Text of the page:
Perversion of cultural space

Published February 17, 2022
The writer is the author of the Dark Side of News Fixing: The Culture and Political Economy of Global Media in Pakistan and Afghanistan.
The writer is the author of the Dark Side of News Fixing: The Culture and Political Economy of Global Media in Pakistan and Afghanistan.

A SYMBIOTIC relationship exists between what we actually see around us and the way life is culturally reproduced. This interdependence — of life and its representation — not only shapes and inspires our imagination, but also tells us about the political character of the space we inhabit.

A brief search on YouTube reveals how Pashto music, especially lyrics, has been influenced by persistent militarisation in the Af-Pak region. For instance, singer Sitara Younis croons, “Magarza pamapsy dhoka yema dhoka/ khudkasha dhamaka yema” (“Don’t chase me, I am an illusion, a suicide bomber”). An audience comprising people of all ages is shown in the video performing with the stage artist apparently in some Gulf country.

Released in 2012, this song was the first one to commercially profit from trivialising violence. It was a time when US drone strikes and Taliban bombing rocked the border region. Given its popularity, similar commercial songs hit the market. “Za kaom pa stargu stargu drone hamla” (“My gaze is as lethal as a drone strike”) are the lines of one song; another goes, “Za py weshtal kawama, stargay may braghy tamachy de” (“I shoot with my eyes, like twin pistols”). These trendsetting cultural artifacts, while laying the foundation of a genre, have glorified terrorism beyond its actual geographical context.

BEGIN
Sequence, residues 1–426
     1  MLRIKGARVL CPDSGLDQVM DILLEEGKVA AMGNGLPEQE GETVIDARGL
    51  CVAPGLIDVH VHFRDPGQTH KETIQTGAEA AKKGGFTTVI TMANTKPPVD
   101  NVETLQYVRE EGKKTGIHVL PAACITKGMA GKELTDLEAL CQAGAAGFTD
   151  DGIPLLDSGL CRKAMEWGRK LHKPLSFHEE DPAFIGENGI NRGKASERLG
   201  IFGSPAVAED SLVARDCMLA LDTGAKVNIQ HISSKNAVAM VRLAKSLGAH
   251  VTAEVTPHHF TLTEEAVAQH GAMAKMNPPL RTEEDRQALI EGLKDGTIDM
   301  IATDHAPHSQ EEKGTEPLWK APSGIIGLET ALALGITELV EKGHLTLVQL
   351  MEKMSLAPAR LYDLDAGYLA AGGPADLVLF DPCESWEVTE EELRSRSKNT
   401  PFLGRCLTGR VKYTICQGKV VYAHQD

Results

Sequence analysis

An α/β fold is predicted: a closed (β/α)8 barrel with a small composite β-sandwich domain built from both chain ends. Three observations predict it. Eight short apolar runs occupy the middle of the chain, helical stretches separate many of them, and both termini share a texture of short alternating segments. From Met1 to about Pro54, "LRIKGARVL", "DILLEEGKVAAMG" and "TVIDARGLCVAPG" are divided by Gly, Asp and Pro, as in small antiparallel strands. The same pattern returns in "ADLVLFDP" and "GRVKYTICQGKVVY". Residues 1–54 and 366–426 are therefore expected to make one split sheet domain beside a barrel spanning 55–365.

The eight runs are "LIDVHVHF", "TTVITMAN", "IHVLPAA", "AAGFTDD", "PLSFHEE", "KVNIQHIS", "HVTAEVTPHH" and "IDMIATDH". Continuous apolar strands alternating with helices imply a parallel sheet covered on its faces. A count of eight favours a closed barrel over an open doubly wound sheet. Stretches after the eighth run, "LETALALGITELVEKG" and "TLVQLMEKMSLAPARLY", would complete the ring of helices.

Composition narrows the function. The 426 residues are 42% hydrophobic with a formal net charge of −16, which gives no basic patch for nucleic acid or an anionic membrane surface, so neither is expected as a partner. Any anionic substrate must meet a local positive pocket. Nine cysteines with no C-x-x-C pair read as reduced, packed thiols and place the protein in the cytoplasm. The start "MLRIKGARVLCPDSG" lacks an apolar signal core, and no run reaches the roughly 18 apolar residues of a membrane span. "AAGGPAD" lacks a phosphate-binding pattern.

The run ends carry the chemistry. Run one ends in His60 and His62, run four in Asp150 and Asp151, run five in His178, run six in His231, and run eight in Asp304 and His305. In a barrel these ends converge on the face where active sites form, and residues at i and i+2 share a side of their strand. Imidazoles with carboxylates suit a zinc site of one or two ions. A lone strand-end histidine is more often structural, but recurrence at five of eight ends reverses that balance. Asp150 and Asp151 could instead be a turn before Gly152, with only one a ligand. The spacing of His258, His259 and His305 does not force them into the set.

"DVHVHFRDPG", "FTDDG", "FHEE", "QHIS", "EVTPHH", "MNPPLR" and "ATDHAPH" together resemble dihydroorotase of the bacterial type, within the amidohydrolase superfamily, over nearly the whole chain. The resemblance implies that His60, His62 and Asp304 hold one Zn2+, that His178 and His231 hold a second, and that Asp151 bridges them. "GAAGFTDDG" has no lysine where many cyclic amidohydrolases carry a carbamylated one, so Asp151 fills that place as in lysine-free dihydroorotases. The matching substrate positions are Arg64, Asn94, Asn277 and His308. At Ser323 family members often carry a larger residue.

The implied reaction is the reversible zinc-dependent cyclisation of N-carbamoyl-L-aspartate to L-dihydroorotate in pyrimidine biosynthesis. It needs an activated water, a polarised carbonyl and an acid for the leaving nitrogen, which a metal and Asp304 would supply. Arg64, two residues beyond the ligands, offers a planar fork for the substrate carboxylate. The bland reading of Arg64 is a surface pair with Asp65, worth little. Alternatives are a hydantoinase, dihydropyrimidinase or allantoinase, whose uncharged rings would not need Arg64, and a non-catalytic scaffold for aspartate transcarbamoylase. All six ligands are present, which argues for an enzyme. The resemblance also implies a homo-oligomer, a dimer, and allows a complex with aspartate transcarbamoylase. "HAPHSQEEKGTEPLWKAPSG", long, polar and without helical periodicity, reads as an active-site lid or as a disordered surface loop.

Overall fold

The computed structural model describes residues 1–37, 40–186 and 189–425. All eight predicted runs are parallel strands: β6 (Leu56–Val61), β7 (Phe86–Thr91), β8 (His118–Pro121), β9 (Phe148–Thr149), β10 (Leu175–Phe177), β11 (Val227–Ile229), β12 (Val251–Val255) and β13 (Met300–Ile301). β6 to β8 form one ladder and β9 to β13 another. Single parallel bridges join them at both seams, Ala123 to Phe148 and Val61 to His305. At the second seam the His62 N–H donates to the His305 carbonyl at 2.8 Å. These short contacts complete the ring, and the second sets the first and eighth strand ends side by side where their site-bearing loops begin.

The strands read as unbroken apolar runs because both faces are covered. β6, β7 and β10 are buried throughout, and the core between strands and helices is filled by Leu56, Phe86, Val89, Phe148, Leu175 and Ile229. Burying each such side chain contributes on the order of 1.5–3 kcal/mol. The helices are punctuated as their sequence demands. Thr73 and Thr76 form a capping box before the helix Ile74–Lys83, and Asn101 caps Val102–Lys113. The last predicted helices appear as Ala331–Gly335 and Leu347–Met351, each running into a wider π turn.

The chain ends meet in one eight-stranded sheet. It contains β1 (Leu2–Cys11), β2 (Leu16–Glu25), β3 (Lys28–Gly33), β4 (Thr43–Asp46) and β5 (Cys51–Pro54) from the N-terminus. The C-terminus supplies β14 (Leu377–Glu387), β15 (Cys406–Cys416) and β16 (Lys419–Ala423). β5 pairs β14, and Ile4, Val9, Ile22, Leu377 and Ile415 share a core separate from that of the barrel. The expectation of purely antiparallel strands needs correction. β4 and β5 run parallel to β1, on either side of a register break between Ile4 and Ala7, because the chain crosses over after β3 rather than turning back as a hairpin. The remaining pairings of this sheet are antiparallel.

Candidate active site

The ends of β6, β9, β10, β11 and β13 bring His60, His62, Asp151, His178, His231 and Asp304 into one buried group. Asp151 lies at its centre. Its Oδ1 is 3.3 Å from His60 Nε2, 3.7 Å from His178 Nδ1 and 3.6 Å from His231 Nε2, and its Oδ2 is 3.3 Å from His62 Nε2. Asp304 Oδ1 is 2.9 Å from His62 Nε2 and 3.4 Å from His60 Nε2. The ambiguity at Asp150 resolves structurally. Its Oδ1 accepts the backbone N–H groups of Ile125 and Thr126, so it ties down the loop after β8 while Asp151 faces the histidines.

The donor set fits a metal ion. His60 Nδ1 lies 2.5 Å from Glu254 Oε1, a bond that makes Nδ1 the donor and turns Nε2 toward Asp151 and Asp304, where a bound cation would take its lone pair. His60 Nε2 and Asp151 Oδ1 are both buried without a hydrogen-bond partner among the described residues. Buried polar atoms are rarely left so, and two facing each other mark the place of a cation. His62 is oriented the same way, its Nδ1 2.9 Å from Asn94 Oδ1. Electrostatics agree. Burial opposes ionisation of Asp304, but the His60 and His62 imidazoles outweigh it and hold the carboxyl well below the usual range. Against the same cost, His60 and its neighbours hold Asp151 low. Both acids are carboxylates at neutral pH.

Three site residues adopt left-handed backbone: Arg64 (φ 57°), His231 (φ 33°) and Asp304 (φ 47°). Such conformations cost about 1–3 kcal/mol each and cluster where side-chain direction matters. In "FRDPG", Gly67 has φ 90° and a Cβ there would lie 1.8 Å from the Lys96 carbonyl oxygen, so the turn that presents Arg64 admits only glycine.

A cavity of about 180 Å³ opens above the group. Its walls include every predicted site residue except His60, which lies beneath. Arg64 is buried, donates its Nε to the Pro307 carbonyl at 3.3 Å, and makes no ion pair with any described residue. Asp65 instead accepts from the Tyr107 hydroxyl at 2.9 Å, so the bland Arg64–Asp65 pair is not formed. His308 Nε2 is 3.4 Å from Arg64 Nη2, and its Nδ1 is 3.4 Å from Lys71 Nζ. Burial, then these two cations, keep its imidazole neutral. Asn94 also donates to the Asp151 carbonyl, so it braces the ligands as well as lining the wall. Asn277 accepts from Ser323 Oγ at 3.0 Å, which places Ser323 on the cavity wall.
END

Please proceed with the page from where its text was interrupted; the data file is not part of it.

Systemic violence could not be limited to a commercial genre of popular cultural expression. Many Pashto tappy also appeared in the same period. Arguably the oldest genre in Pashto literature, a tappa (plural: tappy) is a couplet with nine syllables in the first line and 13 in the second. Though attributed to women, it is anonymous and has been used as a popular vehicle of resistance. For example, “Ka tor orbal may meratege/ pa watan jang dy janan na mny kawoma” (“Even if I risk becoming a widow, I will not stop my lover from defending the homeland”). But although tappy remain a motivating source of unity against foreign invaders, the Af-Pak region’s splintered militarisation has transformed the subject of these poems.

Cultural terrorism symbolises and extends a space which thrives on real violence.

Many contemporary tappy emerging after 9/11 have thrived on systemic violence. For instance, “Zmka Asmn rabandy tang show/ Kata khudkash dy bara drone hamly kawena” (“The earth and sky have shrunk upon me, the suicide bomber is raging on the ground, the drones humming above”). Another goes, “Pregda chay drone may sal tukray ke/ pa askare janan za dera nazedama” (“Let the drone shatter me into a hundred pieces/ I was too proud of my beloved warrior”). The most popular of all, circulated in many versions, especially in war-hit Swat where the militant cleric Mullah Fazlullah had challenged the state resulting in his death in a US drone strike in Afghanistan, goes “Za laka da drone janana sta pa latoon garzma/ ta shway Fazlullah janana hes pata dy na lage” (“I, like America, am chasing you with drones/ My beloved, you like, Fazlullah, are out of my sight”. As the neo-imperial war has become an everyday reality, this depiction not only trivialises violence, but also uses the technology of power targeting the oppressed.